Large-Scale Microbial Ecology Cyberinfrastructure (CAMERA) Designing the Microbial Research Commons: An International SymposiumNational Academy of Sciences, Washington, DC, 8-9 October 2009Paul Gilna, B.Sc., Ph.D.California Institute for Telecommunications & Information Technology (Calit2)University of California, San Diego
Global Scientific Research Cyber-Community 3100 users 70 countries
CAMERA 2.0 Objectives • CAMERA serves as one representation of a specific research community’s need for a system to • Provide a metadata rich family of scalable databases and make them available to the community • Collect and reference increasing metadata relevant to environmental metagenome datasets • Exploit the power of querying on metadata across multiple geospatial locations • Provide a facility that allows for a diversity of software tools to be easily integrated into the system (and sufficient compute resources to support these analyses)
The Semantically Aware DB Schema • Some key features of the semantically aware DB schema • Environmental parameters: Modeled more generally, to accommodate any environment and any parameter within an environment • Sequence: Separate “registries” for DNA, rRNA, mRNA, viral segments, reference genomes etc. Sequence annotations are independently searchable. • Workflow Connection: Every computed property is associated with the workflow instance that created it. • Associated Data: Data not produced in CAMERA but often used for analysis and comparison • Ontologies: All metadata, measured and observed parameters are connected to ontologies, whenever possible.
Integration of External Data Warehousing Reference genomes Homologs, CoG clusters Raster data from slow/complex servers Remote Data KEGG pathways NASA MODIS data World Ocean Atlas Other data that come as “data sets” that do not conform to the schema
NASA Aqua-MODIS satellite data Metadata: beyond data collected at sampling site MODIS Images covering GOS sites #8 – 12, mid November, 2003 Sea Surface Temp Chlorophyll
Integrate and browse additional sources of microbial data
CAMERA 2.0 (Data Submission) Growing the CAMERA Community and Resource…
GBMF Data Acquisition Pipeline:A New Data Submission Paradigm-Metadata First! CAMERA sends acknowledgement to Investigator, Seq. Group, GBMF Seq. Group Upload data to CAMERA (& Investigator) Investigator submits proposal to GBMF Investigator submits metadata to CAMERA Data & Metadata Released in six months Metadata now collected before sequence data: GSC-compliant Project-ID serves as acceptance-proof Sample is Received and Sequenced Seq. Group send barcoded sample “kit” to investigators Webb Miller and Stephan C. Schuster, and Roche / 454 Genome Sequencer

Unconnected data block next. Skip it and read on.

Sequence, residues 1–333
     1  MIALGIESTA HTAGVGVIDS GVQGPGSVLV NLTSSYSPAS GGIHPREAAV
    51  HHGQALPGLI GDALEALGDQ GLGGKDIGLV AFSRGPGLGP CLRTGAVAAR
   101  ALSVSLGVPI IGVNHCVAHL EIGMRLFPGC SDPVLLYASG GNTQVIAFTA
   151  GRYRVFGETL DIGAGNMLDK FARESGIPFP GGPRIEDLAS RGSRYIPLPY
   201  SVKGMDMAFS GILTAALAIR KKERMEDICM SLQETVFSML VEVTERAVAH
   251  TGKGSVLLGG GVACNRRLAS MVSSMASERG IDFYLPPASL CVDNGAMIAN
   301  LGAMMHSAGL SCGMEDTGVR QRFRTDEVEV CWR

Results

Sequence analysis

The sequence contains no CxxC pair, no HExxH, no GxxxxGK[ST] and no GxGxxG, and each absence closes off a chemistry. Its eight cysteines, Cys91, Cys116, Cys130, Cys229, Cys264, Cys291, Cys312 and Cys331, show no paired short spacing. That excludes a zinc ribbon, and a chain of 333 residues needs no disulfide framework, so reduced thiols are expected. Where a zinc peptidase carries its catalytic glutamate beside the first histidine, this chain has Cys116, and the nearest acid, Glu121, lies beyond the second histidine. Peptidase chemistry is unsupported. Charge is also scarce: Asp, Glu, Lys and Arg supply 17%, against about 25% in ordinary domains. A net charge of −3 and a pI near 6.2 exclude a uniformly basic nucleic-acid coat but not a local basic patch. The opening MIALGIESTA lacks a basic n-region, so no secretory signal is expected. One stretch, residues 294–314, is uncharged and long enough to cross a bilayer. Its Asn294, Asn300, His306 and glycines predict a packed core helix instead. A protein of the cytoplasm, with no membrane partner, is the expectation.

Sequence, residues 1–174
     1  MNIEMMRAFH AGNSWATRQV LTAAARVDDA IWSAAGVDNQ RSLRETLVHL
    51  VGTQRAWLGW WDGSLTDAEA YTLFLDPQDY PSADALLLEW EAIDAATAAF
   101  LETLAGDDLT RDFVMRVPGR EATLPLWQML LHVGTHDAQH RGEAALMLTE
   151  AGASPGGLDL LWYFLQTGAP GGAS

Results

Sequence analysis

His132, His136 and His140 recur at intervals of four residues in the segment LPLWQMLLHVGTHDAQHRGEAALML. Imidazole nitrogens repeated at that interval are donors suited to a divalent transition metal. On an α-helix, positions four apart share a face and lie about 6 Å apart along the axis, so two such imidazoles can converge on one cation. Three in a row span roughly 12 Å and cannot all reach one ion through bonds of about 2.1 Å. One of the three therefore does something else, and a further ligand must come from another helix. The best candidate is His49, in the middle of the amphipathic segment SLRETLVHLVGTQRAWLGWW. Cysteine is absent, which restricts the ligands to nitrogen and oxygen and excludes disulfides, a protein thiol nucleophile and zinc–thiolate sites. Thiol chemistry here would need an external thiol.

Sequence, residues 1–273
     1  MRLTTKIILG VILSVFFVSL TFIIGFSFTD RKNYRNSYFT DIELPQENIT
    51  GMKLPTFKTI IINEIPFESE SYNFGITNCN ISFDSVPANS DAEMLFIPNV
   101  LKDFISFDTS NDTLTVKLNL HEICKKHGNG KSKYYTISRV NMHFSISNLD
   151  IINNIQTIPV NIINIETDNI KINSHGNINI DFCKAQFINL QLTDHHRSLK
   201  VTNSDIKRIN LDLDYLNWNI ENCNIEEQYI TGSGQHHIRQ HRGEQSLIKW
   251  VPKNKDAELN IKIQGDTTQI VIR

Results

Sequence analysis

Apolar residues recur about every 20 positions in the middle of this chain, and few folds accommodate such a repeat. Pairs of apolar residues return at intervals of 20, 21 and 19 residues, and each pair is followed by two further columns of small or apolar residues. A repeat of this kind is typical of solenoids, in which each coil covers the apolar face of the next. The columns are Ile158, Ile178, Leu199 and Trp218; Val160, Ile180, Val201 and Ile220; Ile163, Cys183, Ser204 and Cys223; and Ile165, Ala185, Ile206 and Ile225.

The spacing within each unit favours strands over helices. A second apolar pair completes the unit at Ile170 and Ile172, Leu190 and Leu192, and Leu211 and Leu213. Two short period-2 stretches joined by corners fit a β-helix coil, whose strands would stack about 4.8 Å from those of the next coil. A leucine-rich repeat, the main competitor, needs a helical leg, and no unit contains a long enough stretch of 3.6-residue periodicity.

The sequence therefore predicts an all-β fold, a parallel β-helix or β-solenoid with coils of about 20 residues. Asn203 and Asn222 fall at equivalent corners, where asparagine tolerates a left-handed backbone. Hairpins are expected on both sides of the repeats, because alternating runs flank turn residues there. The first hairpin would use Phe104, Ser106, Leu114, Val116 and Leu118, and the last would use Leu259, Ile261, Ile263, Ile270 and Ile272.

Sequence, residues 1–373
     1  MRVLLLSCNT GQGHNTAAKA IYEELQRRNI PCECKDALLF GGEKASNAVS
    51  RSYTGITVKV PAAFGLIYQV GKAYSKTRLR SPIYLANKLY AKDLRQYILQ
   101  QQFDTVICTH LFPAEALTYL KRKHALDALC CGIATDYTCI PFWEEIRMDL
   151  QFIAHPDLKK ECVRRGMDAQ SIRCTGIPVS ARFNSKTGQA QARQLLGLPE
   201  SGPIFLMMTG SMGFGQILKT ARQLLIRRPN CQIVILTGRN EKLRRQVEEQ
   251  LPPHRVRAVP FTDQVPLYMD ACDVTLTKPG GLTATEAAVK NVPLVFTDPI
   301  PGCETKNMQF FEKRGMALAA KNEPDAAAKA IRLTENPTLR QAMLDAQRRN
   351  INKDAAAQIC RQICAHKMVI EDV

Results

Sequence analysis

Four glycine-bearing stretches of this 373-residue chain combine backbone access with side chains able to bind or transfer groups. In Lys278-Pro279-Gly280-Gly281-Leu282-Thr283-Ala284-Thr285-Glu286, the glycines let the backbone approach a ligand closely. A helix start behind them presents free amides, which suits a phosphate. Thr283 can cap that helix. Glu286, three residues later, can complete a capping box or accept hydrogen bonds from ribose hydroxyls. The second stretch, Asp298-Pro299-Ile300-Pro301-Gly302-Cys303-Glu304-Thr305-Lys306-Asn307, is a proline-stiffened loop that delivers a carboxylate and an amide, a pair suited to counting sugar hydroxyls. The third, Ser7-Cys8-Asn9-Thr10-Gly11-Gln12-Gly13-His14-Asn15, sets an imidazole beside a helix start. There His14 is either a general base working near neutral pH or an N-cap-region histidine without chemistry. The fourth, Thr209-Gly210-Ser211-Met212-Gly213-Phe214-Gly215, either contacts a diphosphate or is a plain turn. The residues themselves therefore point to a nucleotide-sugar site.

Data Standards • Minimal Information for (Meta)Genomic Sequences: MIGS/MIMS • A Metadata standard, developed by the Genomics Standards Consortium • Controlled vocabularies e.g. EnvO, PATO • Common language: GCDML • Submissions shall comply with a MIMS/MIGS core, but any metadata can be entered via keywords and free text • Different metadata submission forms for different habitats: (water, soil, air, hosts)
CAMERA 2.0 (Computation) From simple job submission to community developed and published workflows…
RAMMCAP – Rapid clustering and functional annotation for metagenomic sequences RNA finding/filtering DNA Clustering Unique sequence Taxonomy / population analysis ORF clustering ORF calling Unique sequences Protein families ORF and cluster annotation Pfam, Tigrfam, COG, etc. Features Very fast (10-100x) as compared to BLAST-based methods Effective tools: CD-HIT, HMMERHEAD, meta_RNA, and RPS-BLAST Focused functional annotation via curated protein families COG Metagenomic Raw reads ORFs 1. ORF_finder 2. Metagene Pfam Tigrfam CD-HIT, 90-95% CD-HIT-EST, 95% HMMER HMMERHEAD RPS-BLAST 1. tRNA scan 2. rRNA scan 3. meta_RNA Non-redundant ORFs DNA clusters ORF Annotation tRNAs Unique DNA sequences CD-HIT, 60 or 30% rRNAs Cluster Annotation Representative sequences Protein clusters More in-depth analysis and further annotation
Annotation workflow A green box is called an ‘actor’ , which performs a task. Data flow is divided. This special actor represents an annotation component, such as BLAST search. Workflow parameters, which can be specified by users in the portal, are passed to workflow components.
Provenance of Workflow Related Data Provenance: A concept from art history and library Inputs, outputs, intermediate results, workflow design, workflow run Collected information Can be used in a number of ways Validation, reproducibility, fault tolerance, etc… Linked to the semantic database Viewable and searchable from CAMERA 2.0